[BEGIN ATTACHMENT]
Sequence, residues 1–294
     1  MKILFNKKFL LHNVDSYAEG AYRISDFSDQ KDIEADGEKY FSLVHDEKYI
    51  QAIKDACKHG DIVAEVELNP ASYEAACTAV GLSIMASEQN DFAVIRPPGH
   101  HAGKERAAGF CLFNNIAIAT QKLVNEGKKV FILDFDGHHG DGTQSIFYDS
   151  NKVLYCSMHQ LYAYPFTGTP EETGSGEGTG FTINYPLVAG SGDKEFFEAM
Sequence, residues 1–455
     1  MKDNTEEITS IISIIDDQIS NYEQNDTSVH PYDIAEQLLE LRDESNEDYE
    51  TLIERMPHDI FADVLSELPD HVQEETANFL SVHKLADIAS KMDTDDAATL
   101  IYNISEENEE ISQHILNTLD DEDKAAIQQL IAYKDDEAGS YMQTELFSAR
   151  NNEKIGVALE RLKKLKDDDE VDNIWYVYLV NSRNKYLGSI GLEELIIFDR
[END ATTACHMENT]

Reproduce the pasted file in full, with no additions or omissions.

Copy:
Sequence, residues 1–294
     1  MKILFNKKFL LHNVDSYAEG AYRISDFSDQ KDIEADGEKY FSLVHDEKYI
    51  QAIKDACKHG DIVAEVELNP ASYEAACTAV GLSIMASEQN DFAVIRPPGH
   101  HAGKERAAGF CLFNNIAIAT QKLVNEGKKV FILDFDGHHG DGTQSIFYDS
   151  NKVLYCSMHQ LYAYPFTGTP EETGSGEGTG FTINYPLVAG SGDKEFFEAM
Sequence, residues 1–455
     1  MKDNTEEITS IISIIDDQIS NYEQNDTSVH PYDIAEQLLE LRDESNEDYE
    51  TLIERMPHDI FADVLSELPD HVQEETANFL SVHKLADIAS KMDTDDAATL
   101  IYNISEENEE ISQHILNTLD DEDKAAIQQL IAYKDDEAGS YMQTELFSAR
   151  NNEKIGVALE RLKKLKDDDE VDNIWYVYLV NSRNKYLGSI GLEELIIFDR